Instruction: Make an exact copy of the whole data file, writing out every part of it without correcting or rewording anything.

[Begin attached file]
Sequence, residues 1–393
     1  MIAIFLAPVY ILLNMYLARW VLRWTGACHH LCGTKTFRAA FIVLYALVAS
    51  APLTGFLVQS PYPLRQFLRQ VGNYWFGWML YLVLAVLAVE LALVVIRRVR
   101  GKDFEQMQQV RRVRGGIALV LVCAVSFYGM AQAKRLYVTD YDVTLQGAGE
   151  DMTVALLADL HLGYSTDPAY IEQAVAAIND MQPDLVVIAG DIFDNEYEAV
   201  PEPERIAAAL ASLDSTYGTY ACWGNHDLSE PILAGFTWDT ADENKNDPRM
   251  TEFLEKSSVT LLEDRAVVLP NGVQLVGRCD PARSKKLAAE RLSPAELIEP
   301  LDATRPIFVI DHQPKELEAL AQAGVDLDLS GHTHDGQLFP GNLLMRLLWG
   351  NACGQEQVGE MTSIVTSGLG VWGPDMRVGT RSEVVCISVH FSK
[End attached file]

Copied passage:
Sequence, residues 1–393
     1  MIAIFLAPVY ILLNMYLARW VLRWTGACHH LCGTKTFRAA FIVLYALVAS
    51  APLTGFLVQS PYPLRQFLRQ VGNYWFGWML YLVLAVLAVE LALVVIRRVR
   101  GKDFEQMQQV RRVRGGIALV LVCAVSFYGM AQAKRLYVTD YDVTLQGAGE
   151  DMTVALLADL HLGYSTDPAY IEQAVAAIND MQPDLVVIAG DIFDNEYEAV
   201  PEPERIAAAL ASLDSTYGTY ACWGNHDLSE PILAGFTWDT ADENKNDPRM
   251  TEFLEKSSVT LLEDRAVVLP NGVQLVGRCD PARSKKLAAE RLSPAELIEP
   301  LDATRPIFVI DHQPKELEAL AQAGVDLDLS GHTHDGQLFP GNLLMRLLWG
   351  NACGQEQVGE MTSIVTSGLG VWGPDMRVGT RSEVVCISVH FSK